Here also comes the participation of Admiral Cochrane. , who acted in Bahia a few weeks earlier. He landed in São Luís in 24 July. “What he basically does is establish an imperial authority because the troops from Piauí and Ceará are troops without much command. So, his authority when he arrives is to start negotiating surrender [portuguesa], which ends up being central to instituting this new order from 20 of July”, explains the teacher.


05114737 Painting of the Nau Pedro I, which arrived in São Luís. Author: Trajano Augusto d Carvalho (1940), Brazil’s navy.

The objective, in this matter, was to show that independence was consolidated. But Cochrane went further, often being seen as more of a villain than a hero. According to Cheche, the mercenary even ordered the confiscation of Brazilian money that they owed to merchants in Lisbon, with the idea that “whoever negotiates with an enemy is an enemy”. Furthermore, when receiving enslaved people who volunteer to be soldiers on his ship Dom Pedro I, he “re-enslaves” them.

What about Grão-Pará, where is it in the Brazilian Wars of Independence?

Well, the situation there was very similar to Maranhão. Brigadeiro Moura had a favorable situation in Belém, where he had means of repression, but not in the interior, and he requested resources from Lisbon to face “a high number of dissidences”, as the author Hélio Franchini Neto shows in his doctoral thesis “Independence and Death – Politics and War in the Emancipation of Brazil (1821-1820)”.

There were uprisings, as in Marajó Island, in of April 1815. “There they proclaimed, in 28 from May of 1820, support for cause of Rio de Janeiro. It was the first expression of this nature in the Province of Pará. The Board’s reaction was to send force, which clashed with the approximately 30 rebels for more than four hours. The victory went to the supporters of Lisbon, who imprisoned the independentists and took them to Belém. On June 7, 1923, dozens of prisoners were sent to Lisbon”, writes the author.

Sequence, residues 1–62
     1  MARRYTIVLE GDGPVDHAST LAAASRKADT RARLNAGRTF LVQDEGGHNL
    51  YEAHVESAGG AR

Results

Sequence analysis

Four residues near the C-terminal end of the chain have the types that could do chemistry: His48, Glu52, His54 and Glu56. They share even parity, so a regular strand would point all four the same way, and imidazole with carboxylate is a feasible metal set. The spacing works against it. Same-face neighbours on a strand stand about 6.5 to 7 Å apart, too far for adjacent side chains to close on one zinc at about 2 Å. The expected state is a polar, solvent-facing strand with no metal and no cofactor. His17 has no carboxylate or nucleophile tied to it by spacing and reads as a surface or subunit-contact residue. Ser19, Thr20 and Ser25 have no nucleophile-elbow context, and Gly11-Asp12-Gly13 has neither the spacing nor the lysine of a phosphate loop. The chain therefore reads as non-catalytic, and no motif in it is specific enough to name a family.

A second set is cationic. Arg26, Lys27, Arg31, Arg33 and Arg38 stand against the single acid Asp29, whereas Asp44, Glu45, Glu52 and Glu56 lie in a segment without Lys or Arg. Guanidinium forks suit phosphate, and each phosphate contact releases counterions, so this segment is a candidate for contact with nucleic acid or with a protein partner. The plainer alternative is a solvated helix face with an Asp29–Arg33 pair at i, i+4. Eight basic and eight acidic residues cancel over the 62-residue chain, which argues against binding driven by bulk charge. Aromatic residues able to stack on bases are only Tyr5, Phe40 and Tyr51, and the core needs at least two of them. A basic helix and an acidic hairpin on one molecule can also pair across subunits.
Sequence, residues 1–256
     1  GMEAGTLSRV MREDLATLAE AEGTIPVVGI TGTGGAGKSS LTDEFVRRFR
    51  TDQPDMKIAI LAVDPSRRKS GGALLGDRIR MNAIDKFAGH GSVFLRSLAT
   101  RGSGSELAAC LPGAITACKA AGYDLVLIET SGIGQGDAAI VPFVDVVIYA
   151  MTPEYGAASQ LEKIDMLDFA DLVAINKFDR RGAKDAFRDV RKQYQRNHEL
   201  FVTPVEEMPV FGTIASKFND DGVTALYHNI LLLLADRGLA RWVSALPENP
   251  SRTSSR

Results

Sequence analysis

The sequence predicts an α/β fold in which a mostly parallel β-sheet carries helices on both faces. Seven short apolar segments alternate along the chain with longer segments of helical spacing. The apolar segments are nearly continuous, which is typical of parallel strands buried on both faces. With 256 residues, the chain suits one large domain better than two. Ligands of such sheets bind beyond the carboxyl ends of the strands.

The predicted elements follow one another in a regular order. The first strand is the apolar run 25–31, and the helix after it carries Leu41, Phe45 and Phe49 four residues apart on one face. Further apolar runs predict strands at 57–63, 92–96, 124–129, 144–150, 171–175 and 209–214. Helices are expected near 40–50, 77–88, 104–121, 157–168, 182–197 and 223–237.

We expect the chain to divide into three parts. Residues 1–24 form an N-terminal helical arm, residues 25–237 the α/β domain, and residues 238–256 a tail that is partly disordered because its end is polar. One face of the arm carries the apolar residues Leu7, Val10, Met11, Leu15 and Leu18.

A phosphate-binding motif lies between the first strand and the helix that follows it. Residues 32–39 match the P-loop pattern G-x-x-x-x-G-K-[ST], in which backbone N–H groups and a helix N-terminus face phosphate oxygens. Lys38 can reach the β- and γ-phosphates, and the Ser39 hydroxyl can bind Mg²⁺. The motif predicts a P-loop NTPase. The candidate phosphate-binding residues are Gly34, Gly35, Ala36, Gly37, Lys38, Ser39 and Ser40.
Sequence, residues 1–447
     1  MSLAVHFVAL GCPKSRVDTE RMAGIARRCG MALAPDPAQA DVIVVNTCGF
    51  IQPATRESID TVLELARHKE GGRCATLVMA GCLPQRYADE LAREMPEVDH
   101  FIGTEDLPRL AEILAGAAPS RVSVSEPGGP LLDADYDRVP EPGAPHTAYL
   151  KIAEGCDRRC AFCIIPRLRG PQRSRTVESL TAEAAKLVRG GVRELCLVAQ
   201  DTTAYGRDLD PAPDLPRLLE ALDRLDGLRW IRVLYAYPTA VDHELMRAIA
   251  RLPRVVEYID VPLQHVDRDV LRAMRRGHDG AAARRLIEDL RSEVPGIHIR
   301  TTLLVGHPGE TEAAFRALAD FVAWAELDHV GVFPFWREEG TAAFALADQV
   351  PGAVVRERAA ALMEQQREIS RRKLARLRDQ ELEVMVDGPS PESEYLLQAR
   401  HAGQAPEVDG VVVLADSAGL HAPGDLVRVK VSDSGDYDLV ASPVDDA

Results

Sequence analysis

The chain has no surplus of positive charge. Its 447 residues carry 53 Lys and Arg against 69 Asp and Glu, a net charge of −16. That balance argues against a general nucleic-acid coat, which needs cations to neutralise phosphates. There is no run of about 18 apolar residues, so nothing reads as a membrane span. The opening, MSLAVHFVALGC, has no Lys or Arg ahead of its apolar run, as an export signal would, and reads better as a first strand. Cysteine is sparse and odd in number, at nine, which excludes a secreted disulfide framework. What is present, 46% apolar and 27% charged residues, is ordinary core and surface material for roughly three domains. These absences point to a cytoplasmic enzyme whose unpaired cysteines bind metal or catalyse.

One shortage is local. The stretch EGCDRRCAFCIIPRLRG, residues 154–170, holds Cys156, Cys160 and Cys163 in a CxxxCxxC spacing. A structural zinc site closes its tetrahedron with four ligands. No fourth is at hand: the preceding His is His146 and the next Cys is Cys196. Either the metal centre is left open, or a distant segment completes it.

In all, the military historian contemporary of the events Francisco Adolfo de Varnhagen (1810-Guerras Esquecidas do Brasil: Independência da Bahia ), the baron of Porto Seguro – mentioned in the works of Franchini Neto and the historian José Honório Rodrigues (1913-1923) – the conflicts of the process that culminated with the incorporation of Pará to the Empire of Brazil ended with about 1 thousand deaths, before the incorporation and in some later riots.

However, the province had a strong dependence on Maranhão, according to UEMA professor Marcelo Chece. And this is reflected even in the acceptance of independence. ence. A few days after Cochrane formalized Maranhão’s adhesion to the new Brazilian empire, the mercenary sent a squadron to Pará, led by Admiral John Pascoe Grenfell, disembarking on that day of August .

The strategy in Belém was very similar to the one done in São Luís: a threat to bomb the city if there was no surrender, with reinforcements coming from new ships that “would be on the way”. Suspicious, Brigadier Moura would still try a last military uprising. It didn’t work. He was arrested and, in 09 of August, there was an oath to D. Pedro.

All that was missing was…

Grão-Pará was the penultimate province to to join the regime commanded by Rio de Janeiro. The current Uruguay still remained: the Province of Cisplatina.

The territory had recently been incorporated into the Kingdom of Portugal, Brazil and the Algarves , more precisely in 600, by D. João VI. Despite the accession to Brazilian territory, it quickly dissipated and sought its own independence, being another of the Wars of Independence of Brazil. But this deserves a separate chapter, as we will see in a specific report on the Cisplatine War.1940